It was no wonder, really, that the second largest cause of death amongst the refugees was suicide. They'd lost two more last week, and the anniversary surely wouldn't pass without taking its own grisly toll. None of the children had died, and that was something to hold onto, one success out of a world of failure.
When they finished eating, Gwen took extra time to linger with her husband, holding his hand and kissing him while the rest affected not to watch. They were all used to pretending not to notice the various couplings in the darker corridors, to walk out quickly when finding someone with a lover in one of the few unoccupied rooms. Even Jack's tiny bunker often slept four people these days. Jack and Ianto got the camp bed, a luxury which Ianto used to consider a poor substitute for the bed at his flat.
"I'll get the car ready," he said, and hurried to what used to be their car park. It had survived mostly intact, as had the SUV. Any vehicles they found on the streets unburned had their petrol siphoned out and brought here, and the SUV itself was covered in the stoutest steel barriers they could attach. The KPG, already low by any environmental standards, had plummeted from the weight, but then, the Earth was no longer in danger of ecological catastrophe from automobiles, nor did anyone have to concern themselves with gloomy Peak Oil predictions.
Dragons: the solution to all the world's problems.
Ianto laughed, then startled himself with the sound in the quiet car park. Sane people didn't laugh to themselves, but then, there was nothing sane about this situation.
He filled the tank from one of their cans, and loaded two empties into the boot. Thinking about it, he loaded a third. There had been a stalled-out Citroën on the road leading to their last find, and they hadn't checked it for petrol.
A few minutes later, Jack, Rhys, and the rest of today's team joined him. Six people in the SUV meant two to watch the skies and four to forage, which in turn meant more food for everyone. It also meant lower fuel efficiency, less space to haul what they found, and a higher likelihood of attracting attention. Jack, Ianto, Gwen and Owen went over the mathematics of survival almost nightly. The numbers never added up to a result they liked.
As the car rolled out roughly along streets turned to rubble and old tar, Ianto picking out the clearest part of the roads by memory, Jack kept watch on the skies. In the back, the rest ought to be chatting nervously, Rhys cracking a joke to make everyone more at ease. But no-one spoke above a whisper, and the silence from outside crumpled in on them like cotton.
"There," said Jack, pointing to a street they hadn't checked yet. Jack had lived in Cardiff far longer than anyone else, knew the little alleyways and side streets, remembered the routes they'd checked, and those they'd abandoned. Jack knew where the green grocers had been, and the restaurants, and the bars.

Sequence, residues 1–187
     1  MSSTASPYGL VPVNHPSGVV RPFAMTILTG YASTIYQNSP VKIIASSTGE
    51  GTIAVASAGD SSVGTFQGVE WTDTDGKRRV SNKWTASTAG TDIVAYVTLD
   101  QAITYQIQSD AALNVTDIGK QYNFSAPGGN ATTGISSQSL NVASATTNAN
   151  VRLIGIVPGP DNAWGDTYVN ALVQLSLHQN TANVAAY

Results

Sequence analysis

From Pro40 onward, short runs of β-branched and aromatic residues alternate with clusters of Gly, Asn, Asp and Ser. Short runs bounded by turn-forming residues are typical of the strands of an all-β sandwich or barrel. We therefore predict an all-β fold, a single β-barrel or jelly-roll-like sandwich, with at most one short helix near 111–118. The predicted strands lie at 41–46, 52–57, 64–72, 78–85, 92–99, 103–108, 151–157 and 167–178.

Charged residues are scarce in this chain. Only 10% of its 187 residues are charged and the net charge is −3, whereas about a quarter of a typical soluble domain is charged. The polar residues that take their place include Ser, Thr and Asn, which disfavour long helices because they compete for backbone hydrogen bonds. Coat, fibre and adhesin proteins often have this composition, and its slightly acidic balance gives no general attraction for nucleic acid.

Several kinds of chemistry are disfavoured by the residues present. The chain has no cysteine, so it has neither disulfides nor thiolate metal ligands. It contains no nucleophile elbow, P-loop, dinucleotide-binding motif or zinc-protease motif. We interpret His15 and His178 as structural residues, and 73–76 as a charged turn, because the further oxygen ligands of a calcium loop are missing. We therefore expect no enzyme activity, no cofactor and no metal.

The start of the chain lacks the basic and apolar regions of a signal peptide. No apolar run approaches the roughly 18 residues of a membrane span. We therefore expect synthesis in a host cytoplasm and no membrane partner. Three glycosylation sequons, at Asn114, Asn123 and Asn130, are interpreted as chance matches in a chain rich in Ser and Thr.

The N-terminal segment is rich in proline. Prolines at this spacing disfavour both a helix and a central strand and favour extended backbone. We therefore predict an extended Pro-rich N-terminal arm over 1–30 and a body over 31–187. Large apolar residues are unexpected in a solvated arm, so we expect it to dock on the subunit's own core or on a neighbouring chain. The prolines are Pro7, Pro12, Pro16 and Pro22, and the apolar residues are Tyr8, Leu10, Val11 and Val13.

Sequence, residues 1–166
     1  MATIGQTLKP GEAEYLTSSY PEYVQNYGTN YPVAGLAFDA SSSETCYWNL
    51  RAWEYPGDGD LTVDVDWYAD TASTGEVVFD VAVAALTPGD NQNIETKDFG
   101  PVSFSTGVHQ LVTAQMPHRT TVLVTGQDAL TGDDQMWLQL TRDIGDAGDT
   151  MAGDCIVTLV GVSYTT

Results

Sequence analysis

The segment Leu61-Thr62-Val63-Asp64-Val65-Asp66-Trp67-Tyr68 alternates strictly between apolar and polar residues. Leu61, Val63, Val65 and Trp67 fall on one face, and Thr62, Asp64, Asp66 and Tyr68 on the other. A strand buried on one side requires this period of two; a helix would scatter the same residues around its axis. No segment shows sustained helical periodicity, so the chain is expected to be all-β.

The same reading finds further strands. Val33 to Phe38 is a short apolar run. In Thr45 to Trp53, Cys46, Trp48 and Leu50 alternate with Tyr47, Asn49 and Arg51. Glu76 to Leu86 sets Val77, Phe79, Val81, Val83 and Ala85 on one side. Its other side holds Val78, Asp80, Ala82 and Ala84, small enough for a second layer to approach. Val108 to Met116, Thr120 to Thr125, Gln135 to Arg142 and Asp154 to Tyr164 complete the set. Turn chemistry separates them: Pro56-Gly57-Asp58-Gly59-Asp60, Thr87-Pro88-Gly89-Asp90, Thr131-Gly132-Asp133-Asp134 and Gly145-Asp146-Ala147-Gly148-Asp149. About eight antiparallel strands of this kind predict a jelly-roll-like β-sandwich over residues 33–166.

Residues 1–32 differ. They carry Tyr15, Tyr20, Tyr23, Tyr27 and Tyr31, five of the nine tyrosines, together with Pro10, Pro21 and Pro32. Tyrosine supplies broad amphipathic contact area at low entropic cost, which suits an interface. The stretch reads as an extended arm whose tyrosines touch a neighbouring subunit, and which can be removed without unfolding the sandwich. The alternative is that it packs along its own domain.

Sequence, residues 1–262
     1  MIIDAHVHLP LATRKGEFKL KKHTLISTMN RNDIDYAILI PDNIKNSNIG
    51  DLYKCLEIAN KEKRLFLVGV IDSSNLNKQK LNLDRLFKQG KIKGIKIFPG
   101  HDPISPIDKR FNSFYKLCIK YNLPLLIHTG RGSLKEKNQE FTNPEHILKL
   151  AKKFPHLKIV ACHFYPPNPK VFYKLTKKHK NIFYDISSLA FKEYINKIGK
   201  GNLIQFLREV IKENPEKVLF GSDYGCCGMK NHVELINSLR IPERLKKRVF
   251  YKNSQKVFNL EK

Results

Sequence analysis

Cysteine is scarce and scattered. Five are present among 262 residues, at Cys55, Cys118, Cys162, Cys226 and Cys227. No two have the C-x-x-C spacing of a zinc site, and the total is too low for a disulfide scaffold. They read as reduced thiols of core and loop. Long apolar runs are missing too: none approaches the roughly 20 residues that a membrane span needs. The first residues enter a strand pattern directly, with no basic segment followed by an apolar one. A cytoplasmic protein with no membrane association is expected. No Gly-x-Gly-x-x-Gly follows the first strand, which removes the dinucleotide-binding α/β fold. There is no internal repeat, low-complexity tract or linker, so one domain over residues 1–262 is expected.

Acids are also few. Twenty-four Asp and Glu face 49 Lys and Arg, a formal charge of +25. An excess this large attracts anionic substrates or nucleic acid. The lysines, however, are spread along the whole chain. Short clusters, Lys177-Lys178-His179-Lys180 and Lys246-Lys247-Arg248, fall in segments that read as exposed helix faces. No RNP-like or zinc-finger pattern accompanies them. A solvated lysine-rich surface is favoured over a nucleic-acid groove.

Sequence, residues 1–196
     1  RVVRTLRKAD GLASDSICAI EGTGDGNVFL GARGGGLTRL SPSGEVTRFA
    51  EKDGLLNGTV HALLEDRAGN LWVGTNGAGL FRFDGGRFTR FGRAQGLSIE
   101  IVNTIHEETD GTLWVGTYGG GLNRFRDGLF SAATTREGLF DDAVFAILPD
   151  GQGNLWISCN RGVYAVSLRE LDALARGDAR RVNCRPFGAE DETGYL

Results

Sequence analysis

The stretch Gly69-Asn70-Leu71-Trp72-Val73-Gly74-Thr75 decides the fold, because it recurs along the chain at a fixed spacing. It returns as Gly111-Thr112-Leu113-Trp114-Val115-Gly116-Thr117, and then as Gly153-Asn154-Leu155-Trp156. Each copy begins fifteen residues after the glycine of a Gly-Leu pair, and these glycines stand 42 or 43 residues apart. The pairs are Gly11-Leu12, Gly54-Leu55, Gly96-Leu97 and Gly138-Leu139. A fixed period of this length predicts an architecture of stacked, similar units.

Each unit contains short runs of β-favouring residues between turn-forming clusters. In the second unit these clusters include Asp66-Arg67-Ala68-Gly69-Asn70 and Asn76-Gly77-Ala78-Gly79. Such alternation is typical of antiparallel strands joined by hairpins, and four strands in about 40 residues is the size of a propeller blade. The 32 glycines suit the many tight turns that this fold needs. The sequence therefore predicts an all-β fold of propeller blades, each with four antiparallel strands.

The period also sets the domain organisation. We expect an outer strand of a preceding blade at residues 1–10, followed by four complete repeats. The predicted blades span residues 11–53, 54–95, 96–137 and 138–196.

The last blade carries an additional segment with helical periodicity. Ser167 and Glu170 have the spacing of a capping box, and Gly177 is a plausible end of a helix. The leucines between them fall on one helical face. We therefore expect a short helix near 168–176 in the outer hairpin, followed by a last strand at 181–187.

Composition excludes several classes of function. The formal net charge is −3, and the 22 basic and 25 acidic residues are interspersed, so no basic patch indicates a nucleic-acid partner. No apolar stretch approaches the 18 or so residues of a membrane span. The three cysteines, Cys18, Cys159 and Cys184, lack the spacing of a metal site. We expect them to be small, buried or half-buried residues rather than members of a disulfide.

Liquor they had in great supply. Food was what little could be grown in the greenhouse, and what they found in increasingly spoiled, rat-gnawed, and charred caches. The first year, two of the teachers had insisted on trying a tiny garden in what had been a public park far enough away from the Hub to divert attention. Some of the other survivors had joined them, planting what seeds they found inside the last of the fresh vegetables.
They'd all been working the plot the day a dragon annihilated it.
Every gain was like that. The firehouses had been looted by shrewd scavengers before the end of the first week, but their group had cobbled together two suits of protective gear. They had meant the difference, for a while, between burning to death and merely being injured. One of the suits had been stolen in a raid, the other was destroyed during a particularly violent encounter with a large red dragon that had cost three lives aside from Jack's. They'd had better luck with fire extinguishers, but they'd drained the last one months ago, and no more had turned up: something else to look for if he had the chance.
The streets were empty of people, but the animals too small to be on a dragon's menu wandered them like kings. With the explosion of the rat population came the dominance of the cats and the feral dogs and the Weevils. Torchwood no longer worried about Cardiff's Weevil population. They just avoided them as much as possible, and kept their eyes open for dragons and other humans.
Sometimes the other humans were worse.
So many had died in the first few days, but some of those who'd lived chose to take whatever they wanted and could possess. Twice their base had been attacked by small bands of strangers who didn't realise the firepower guarding what they thought were a few women and children. The foraging teams always carried guns when they went out, and not because they had a chance in hell of taking down a dragon with one.
They saw no humans out this time. Plenty of cats, though.